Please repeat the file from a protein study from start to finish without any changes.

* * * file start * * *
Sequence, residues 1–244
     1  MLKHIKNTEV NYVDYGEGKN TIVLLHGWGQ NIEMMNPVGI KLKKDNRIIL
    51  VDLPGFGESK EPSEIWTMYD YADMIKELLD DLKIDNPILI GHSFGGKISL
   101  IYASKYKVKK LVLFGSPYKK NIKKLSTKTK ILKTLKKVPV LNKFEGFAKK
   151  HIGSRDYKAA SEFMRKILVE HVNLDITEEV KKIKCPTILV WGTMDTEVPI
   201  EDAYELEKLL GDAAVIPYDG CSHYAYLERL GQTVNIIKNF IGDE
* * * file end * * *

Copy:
Sequence, residues 1–244
     1  MLKHIKNTEV NYVDYGEGKN TIVLLHGWGQ NIEMMNPVGI KLKKDNRIIL
    51  VDLPGFGESK EPSEIWTMYD YADMIKELLD DLKIDNPILI GHSFGGKISL
   101  IYASKYKVKK LVLFGSPYKK NIKKLSTKTK ILKTLKKVPV LNKFEGFAKK
   151  HIGSRDYKAA SEFMRKILVE HVNLDITEEV KKIKCPTILV WGTMDTEVPI
   201  EDAYELEKLL GDAAVIPYDG CSHYAYLERL GQTVNIIKNF IGDE